The Times had a (long) article on worriers in Sunday’s magazine. Studies have identified a subset of infants/children with “high-reactive” temperaments. They go on to be inhibited adolescents, and anxious adults. So if relaxation techniques don’t seem to do you much good, it could be that you’re naturally wired more tightly. This isn’t all bad, however:
People with a high-reactive temperament — as long as it doesn’t show itself as a clinical disorder — are generally conscientious and almost obsessively well-prepared. Worriers are likely to be the most thorough workers and the most attentive friends. Someone who worries about being late will plan to get to places early. Someone anxious about giving a public lecture will work harder to prepare for it. Test-taking anxiety can lead to better studying; fear of traveling can lead to careful mapping of transit routes.
Kagan told me that in the 40 years he worked at Harvard, he hired at least 200 research assistants, “and I always looked for high-reactives. They’re compulsive, they don’t make errors, they’re careful when they’re coding data.”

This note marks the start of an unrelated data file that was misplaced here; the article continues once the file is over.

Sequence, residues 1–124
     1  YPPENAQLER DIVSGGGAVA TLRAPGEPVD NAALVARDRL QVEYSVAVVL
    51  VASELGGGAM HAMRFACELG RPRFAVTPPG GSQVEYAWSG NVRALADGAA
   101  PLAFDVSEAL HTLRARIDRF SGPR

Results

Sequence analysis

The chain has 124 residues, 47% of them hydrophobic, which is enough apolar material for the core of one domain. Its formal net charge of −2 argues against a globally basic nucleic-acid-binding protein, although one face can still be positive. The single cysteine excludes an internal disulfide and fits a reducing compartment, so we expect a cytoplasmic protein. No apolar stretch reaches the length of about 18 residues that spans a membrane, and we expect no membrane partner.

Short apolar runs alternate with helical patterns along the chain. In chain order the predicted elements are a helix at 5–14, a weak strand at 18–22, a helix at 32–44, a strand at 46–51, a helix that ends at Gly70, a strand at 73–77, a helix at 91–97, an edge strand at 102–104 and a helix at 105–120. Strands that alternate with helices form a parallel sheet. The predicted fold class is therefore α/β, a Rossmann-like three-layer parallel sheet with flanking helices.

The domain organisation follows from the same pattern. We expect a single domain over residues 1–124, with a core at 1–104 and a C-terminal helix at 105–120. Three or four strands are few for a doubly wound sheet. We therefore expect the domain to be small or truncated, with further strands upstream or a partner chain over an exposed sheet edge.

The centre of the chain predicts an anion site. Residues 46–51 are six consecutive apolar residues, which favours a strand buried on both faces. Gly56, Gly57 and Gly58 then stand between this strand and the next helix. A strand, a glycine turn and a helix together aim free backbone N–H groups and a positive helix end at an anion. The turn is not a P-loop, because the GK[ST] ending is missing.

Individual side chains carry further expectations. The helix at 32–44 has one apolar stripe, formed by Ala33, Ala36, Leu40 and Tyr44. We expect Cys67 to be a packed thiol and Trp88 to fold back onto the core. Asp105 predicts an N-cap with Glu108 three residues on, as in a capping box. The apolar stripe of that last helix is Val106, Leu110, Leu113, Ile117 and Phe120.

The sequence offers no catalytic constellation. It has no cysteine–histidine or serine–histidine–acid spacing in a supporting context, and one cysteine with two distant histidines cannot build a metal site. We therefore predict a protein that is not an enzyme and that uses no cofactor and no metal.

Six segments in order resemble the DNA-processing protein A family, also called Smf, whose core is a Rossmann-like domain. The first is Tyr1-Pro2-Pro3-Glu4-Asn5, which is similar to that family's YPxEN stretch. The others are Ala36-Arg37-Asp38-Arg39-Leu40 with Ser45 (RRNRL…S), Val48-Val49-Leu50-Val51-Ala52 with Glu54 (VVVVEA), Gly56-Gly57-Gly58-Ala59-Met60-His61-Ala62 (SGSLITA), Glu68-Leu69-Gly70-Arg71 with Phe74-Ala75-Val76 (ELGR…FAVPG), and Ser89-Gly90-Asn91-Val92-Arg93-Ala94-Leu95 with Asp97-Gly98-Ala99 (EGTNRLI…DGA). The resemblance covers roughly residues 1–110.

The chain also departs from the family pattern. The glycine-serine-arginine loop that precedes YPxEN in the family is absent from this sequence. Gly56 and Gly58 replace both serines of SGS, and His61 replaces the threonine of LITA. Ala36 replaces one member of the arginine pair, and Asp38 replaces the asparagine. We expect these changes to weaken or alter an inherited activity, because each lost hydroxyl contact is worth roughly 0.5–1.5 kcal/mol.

…what distinguishes the high-reactives who learn to adapt from those who don’t often comes down to something simple, like finding one or two supportive friends — or, like Mary [a test subject] and her ballet, finding something they’re good at and can feel self-confident about.
No mention of yoga or other treatments for anxiety; the article is more focused on presenting the background research and the corresponding brain anatomy.
Any worriers want to be my intern?